Cool down without spending energy

Research groups from the Institute of Materials Science in Madrid (ICMM-CSIC) and the Institute of Optics (IO-CSIC) are participating in the European project ADAPTATION, which draws inspiration from nature to create new devices that will facilitate adaptation to changes caused by the climate crisis. These devices will absorb solar energy to convert it into electricity while also being capable of self-cooling, thereby avoiding energy losses.

They will achieve this sustainably through a European consortium led by the Iberian Peninsula through CSIC, the University of Minho, the International Iberian Nanotechnology (INL) in Braga, and the University of Vigo.
When thinking about any device that absorbs energy to produce electricity (such as a solar panel), it is easy to understand that it loses efficiency when it heats up. This is because, typically, "the integration of photovoltaic or solar energy capture technologies is incompatible with technologies that allow efficient temperature management," explains Pedro David García, a researcher at ICMM-CSIC. In response to this, the consortium seeks a groundbreaking solution: "Combine everything into a single material: achieve good thermal response with optimized solar energy capture."

To achieve this, they will use a novel concept: quantum biology, inspired by non-trivial quantum phenomena that occur in photosynthesis. Sara Núñez-Sánchez, project coordinator from the University of Minho in Portugal, explains that the survival of plants does not depend so much on the amount of energy they absorb but on how efficiently they transport that energy due to non-trivial quantum phenomena. This mechanism is what the project aims to mimic, creating a new concept for a solar energy conversion device.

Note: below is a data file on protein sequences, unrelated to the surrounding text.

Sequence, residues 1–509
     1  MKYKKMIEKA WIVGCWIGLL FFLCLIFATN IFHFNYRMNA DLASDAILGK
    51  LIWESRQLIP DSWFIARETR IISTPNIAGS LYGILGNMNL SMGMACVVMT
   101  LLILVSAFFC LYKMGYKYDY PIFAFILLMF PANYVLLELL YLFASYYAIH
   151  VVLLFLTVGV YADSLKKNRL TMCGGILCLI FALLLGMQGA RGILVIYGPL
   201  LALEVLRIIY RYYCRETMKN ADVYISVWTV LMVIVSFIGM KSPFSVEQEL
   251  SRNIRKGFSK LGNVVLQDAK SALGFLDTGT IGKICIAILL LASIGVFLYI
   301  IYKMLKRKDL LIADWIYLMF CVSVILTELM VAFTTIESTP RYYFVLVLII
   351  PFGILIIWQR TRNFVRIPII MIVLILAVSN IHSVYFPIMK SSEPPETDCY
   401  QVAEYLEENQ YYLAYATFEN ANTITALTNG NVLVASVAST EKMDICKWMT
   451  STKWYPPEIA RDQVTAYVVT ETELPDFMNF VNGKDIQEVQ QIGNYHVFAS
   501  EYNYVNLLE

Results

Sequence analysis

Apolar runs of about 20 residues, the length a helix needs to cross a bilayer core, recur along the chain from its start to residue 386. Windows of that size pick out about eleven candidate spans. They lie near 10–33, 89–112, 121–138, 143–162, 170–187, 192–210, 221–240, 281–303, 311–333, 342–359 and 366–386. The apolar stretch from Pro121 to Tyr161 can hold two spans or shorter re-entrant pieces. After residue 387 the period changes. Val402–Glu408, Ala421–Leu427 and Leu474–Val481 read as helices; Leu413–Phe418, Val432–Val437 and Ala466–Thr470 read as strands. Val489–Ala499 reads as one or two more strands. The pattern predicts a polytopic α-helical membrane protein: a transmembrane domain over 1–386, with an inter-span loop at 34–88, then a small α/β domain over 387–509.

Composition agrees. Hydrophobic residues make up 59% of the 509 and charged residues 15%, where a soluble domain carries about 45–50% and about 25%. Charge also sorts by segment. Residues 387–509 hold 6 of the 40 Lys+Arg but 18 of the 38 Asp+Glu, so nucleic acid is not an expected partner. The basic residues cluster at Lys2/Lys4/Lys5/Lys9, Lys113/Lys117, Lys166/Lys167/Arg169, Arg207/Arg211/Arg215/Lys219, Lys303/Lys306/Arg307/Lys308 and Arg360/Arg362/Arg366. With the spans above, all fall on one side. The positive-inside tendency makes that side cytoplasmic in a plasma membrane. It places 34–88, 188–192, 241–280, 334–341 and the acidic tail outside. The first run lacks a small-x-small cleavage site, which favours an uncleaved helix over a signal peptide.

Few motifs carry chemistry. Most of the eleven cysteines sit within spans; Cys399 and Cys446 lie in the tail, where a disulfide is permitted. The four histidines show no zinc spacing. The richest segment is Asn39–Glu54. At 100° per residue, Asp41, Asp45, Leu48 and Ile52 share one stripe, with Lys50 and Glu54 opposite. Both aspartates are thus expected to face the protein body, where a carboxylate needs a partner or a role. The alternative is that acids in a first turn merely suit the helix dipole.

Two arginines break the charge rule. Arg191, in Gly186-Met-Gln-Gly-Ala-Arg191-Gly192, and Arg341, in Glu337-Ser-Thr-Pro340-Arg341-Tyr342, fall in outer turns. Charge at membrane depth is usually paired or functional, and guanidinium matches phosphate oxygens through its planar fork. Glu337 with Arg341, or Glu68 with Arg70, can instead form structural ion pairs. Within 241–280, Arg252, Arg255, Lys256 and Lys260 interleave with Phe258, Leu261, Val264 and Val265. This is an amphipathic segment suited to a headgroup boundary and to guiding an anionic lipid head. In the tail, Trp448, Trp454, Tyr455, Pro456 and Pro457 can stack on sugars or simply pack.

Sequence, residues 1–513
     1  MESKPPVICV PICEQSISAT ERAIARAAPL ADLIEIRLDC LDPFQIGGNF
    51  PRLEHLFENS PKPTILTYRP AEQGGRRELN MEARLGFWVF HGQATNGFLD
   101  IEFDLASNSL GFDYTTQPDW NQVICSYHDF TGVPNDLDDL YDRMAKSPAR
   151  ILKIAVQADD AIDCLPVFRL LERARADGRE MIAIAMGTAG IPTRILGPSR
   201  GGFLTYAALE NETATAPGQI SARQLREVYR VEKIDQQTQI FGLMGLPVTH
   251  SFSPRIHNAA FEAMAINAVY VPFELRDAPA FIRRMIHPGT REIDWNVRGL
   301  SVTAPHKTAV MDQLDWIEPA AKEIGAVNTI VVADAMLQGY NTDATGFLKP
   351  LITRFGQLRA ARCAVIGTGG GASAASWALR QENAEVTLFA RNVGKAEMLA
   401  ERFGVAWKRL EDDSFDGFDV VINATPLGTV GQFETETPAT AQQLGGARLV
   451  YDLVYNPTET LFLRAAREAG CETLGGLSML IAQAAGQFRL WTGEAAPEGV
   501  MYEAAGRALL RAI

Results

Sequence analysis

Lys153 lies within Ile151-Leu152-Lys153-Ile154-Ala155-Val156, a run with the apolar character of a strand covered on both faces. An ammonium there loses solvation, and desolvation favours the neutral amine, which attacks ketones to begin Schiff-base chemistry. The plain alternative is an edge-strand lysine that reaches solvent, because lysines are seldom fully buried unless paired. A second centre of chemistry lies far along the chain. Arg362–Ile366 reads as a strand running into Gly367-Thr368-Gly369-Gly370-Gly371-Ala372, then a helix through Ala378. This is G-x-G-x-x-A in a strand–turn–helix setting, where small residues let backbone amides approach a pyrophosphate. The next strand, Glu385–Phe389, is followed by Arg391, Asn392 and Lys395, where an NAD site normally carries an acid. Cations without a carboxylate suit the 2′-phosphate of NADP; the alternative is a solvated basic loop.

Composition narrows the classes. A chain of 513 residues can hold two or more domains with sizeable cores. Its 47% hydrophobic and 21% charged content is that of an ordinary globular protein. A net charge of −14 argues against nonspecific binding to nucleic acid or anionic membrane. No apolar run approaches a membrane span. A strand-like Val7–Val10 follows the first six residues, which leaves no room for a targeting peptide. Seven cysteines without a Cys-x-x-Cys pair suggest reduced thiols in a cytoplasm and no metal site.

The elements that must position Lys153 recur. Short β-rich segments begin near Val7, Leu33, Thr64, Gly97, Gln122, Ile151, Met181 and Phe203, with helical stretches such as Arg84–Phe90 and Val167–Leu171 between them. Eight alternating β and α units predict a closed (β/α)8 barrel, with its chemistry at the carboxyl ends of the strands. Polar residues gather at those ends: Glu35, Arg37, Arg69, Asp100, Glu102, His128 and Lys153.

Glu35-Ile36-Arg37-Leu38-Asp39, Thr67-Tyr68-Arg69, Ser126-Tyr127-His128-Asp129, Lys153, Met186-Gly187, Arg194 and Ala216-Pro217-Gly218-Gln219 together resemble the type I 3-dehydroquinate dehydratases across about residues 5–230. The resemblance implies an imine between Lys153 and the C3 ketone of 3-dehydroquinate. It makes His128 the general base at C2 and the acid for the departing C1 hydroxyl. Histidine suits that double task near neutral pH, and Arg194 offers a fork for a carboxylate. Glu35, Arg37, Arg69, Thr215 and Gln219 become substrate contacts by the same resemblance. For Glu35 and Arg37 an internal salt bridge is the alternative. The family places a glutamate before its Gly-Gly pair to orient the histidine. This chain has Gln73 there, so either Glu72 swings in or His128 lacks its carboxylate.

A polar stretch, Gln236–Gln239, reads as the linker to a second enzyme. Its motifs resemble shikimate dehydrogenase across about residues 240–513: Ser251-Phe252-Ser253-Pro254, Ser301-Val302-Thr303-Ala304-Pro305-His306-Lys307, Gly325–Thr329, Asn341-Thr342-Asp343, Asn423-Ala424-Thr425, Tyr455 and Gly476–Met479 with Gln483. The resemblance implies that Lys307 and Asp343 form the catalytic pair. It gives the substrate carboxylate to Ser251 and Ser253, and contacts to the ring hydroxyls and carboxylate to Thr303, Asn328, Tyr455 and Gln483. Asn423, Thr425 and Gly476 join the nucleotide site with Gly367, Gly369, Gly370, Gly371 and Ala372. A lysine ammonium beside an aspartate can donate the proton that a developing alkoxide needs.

In ADAPTATION, they will work by mimicking at the molecular level how natural photosynthetic tissue is organized to generate new materials that will be the basis of an innovative device. This device will consist of various nanometric structures with the necessary properties for energy absorption and transport, as well as thermal control. "All the structures we will use have their origin in nature in one way or another, as we will be inspired by natural systems and also directly use these nanostructures from nature in the devices," adds Martín López, a researcher at INL, also involved in the project.

Cooling down without spending energy

"At IO-CSIC, we will characterize the materials to elucidate their properties, so that we can use them to design real devices," says Rosalía Serna, a researcher at IO-CSIC. "We will study what types of nanostructures are most suitable and how light interacts with the material," adds López, who will join the IO shortly.
Once the first objective of efficiently absorbing and transporting energy to produce electricity is achieved, the second goal of ADAPTATION remains: that the device is capable of 'radiative cooling' without energy consumption. In other words, it should be able to cool itself without energy expenditure. To achieve this, researchers will reproduce the process that the Earth undergoes, for example, in the desert. "Cooling things makes them more efficient always," emphasizes García.

The nanodevices developed in ADAPTATION will be flexible and can be applied to the surfaces of objects like paint. By covering urban elements such as cars or houses, they will provide energy to these objects while controlling their temperature, allowing them to adapt to the climatic needs of each region. Researchers highlight that this would address many current energy problems and several challenges of the 2030 agenda.

"We will establish the foundations of a new technology that will have an impact beyond energy management technologies, such as how we transport information more sustainably, thus reducing our dependence on critical materials," concludes Núñez from Braga, Portugal.

The 'ADAPTATION' project has received 3.6 million euros through the Pathfinder grants from the European Union, aimed at disruptive projects investigating and developing technological advances. Nine entities from five different countries will participate in its execution, with special prominence given to the Iberian Peninsula: the University of Minho (coordinator) and the International Iberian Nanotechnology Laboratory (INL) from Portugal; CSIC, the University of Vigo, Avanzare Innovation Tecnologica SL, and Cooling Photonics from Spain; the University of Strasbourg (France), the University of Utrecht (Netherlands), and Sunplugged-solare Energiesysteme GMBH from Austria.